I admire what eLife is doing in this respect; it’s slowly but surely nudging the publishing industry towards a much better place. For example, eLife (along with organisations such as ASAPbio) is currently driving forward the use of preprints as a means to communicate research findings widely and freely at the earliest opportunity. eLife’s Preprint Review service allows papers that appear on bioRxiv to be reviewed by the journal, and the reviews subsequently associated with the bioRxiv publication. And it seems that these kinds of initiatives have driven other publishers to develop their own preprint servers, or buy preprint services, or form partnerships with preprint services. There’s still a long way to go before the scientific discussions that are associated with preprints are considered by funding bodies and hiring committees as signposts of quality, but I think eLife is one of the organisations that are doing a great job of pushing things forward.
So, if you were to start a new journal, would it be something similar to eLife?
I’m not really interested in launching another journal that resembles one of the tens of thousands that we already have – I don’t believe there is a need for more journals. Maybe it’s time to rethink what function journals usefully serve when they are essentially an online collection of papers that might have been published in a preprint server months, or perhaps years, earlier? I’m not quite sure what form journals will take in this futuristic world I’m imagining, but it would certainly be a model where the impact factor wasn’t important. I’m interested in doing something new and different that would really drive the situation forward.
I like your idea, but as you said, journals are still very influential and they are going to be around for quite a while. I often wonder why journals do not pay reviewers for their work? Private organizations (journals) ask experts to review papers and to give their opinion. Isn’t that a consulting service? Why not pay people for their work?
It’s a difficult issue to resolve, but on the whole, my feeling is that yes, it would be fair to compensate reviewers for their time. However I am not a fan of paying reviewers per paper because I think it might lead to poor reviews and potentially abuse of the system. I’d much prefer a situation where reviewers were incentivized by the content of each manuscript they reviewed rather than the payment they would receive. I think you’re more likely to get the right reviewers for a paper if their motivation is scientific rather than financial. If a potential reviewer is fundamentally interested in a paper, they’re likely to read it at some point anyway, so they’re motivated to review it. That being said, I do agree that scientists who review papers for journals should receive recompense for their work, maybe in the form of an honorarium at the end of the year.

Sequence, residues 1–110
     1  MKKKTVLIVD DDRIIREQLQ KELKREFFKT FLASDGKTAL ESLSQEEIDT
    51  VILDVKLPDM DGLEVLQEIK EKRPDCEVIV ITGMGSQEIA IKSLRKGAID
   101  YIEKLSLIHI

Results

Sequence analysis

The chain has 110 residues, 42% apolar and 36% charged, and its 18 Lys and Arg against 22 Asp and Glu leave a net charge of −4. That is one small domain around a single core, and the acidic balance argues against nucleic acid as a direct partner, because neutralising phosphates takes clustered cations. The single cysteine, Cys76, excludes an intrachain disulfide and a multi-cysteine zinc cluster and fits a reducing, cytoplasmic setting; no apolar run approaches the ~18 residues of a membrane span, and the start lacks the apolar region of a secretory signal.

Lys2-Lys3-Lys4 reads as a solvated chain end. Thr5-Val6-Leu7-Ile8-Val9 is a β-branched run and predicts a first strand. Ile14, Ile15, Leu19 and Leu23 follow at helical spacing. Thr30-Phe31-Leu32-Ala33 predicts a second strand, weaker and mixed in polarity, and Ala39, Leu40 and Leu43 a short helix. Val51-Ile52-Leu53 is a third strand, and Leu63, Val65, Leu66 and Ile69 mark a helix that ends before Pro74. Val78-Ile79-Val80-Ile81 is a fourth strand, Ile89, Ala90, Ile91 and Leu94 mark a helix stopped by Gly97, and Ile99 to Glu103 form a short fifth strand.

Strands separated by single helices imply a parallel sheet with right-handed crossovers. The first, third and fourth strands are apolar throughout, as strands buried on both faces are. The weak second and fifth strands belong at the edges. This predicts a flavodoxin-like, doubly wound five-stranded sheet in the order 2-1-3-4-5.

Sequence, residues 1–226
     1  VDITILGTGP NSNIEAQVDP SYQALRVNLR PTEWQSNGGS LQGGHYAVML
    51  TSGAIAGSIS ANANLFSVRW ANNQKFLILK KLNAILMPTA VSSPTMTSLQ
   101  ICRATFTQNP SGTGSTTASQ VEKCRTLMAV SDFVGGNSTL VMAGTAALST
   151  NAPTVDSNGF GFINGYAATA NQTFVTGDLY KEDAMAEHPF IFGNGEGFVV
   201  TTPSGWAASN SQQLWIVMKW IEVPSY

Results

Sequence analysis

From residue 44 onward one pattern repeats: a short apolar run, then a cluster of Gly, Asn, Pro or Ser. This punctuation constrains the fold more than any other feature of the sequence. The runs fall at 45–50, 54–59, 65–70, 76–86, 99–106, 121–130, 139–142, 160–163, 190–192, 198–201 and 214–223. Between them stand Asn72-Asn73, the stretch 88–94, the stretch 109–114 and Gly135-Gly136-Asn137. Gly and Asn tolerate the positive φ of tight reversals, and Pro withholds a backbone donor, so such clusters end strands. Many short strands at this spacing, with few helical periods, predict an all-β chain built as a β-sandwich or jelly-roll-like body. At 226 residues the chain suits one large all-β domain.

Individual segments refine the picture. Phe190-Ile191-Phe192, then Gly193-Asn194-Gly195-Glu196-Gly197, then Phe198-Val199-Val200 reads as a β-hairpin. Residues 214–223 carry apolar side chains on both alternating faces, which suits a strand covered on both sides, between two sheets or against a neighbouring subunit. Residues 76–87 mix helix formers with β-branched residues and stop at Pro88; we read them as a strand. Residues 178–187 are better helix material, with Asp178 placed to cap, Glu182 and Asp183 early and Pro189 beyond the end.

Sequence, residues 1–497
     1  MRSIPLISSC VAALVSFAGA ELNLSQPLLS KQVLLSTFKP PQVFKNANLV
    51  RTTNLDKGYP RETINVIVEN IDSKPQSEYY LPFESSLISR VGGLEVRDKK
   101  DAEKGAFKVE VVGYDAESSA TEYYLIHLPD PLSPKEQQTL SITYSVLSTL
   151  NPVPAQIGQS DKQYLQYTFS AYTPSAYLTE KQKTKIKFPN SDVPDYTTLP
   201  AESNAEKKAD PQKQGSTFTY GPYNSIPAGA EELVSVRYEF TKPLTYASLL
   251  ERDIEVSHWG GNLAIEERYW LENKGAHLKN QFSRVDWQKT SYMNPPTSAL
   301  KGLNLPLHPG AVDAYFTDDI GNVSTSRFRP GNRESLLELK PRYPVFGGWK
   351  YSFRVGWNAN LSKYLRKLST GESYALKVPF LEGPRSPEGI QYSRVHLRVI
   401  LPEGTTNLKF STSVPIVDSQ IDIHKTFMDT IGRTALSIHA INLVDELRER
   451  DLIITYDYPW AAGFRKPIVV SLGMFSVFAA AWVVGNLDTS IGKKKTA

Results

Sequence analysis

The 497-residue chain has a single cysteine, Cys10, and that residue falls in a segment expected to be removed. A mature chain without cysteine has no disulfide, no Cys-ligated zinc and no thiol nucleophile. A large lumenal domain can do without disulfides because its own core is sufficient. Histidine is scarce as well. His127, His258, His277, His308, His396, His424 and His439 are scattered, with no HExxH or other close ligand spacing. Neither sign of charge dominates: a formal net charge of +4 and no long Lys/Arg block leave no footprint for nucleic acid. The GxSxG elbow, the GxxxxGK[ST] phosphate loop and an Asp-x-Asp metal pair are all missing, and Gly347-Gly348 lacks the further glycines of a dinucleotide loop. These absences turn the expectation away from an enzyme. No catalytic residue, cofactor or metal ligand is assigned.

Well, you are talking about scientific motivation. I think it was true maybe five years ago, when in order to have early access to new findings, scientists had to agree to review manuscripts. But, now the situation is changing with the development of preprints. You can now read new papers without having to spend time writing thoughts and suggestions to the editor.
Things would certainly be different in a world where most, if not all, papers were published as preprints before submission to journals. And in that case, maybe peer review would be conducted via the preprint servers rather than by the journals – maybe the function of journals would simply be to curate papers that have received positive reviews on bioRxiv? This is essentially the ‘publish first, curate second’ model that Stern and O’Shea proposed (see here). It’s a provocative and interesting idea, but there’s obviously a long way to go before the publishing industry embraces this kind of model.
So, if you got great results but need help to communicate the findings effectively, Lesley is the person who can do it for you.
I’m thankful to Lesley Anson for taking the time to talk with me and sharing her interesting insights.
Learn more about Anson Scientific here.
Read the recent interview with Lesley (by Elle Campbell) here.
Read Lesley’s thoughts on exploring science beyond academia here.
Read about two weeks in the life of Lesley Anson as a Nature editor here (p. 14-15).
Listen to Lesley talking about open access publishing at the BBC Radio 4 here.
Pictures by Lesley Anson and Artem Kondratskyi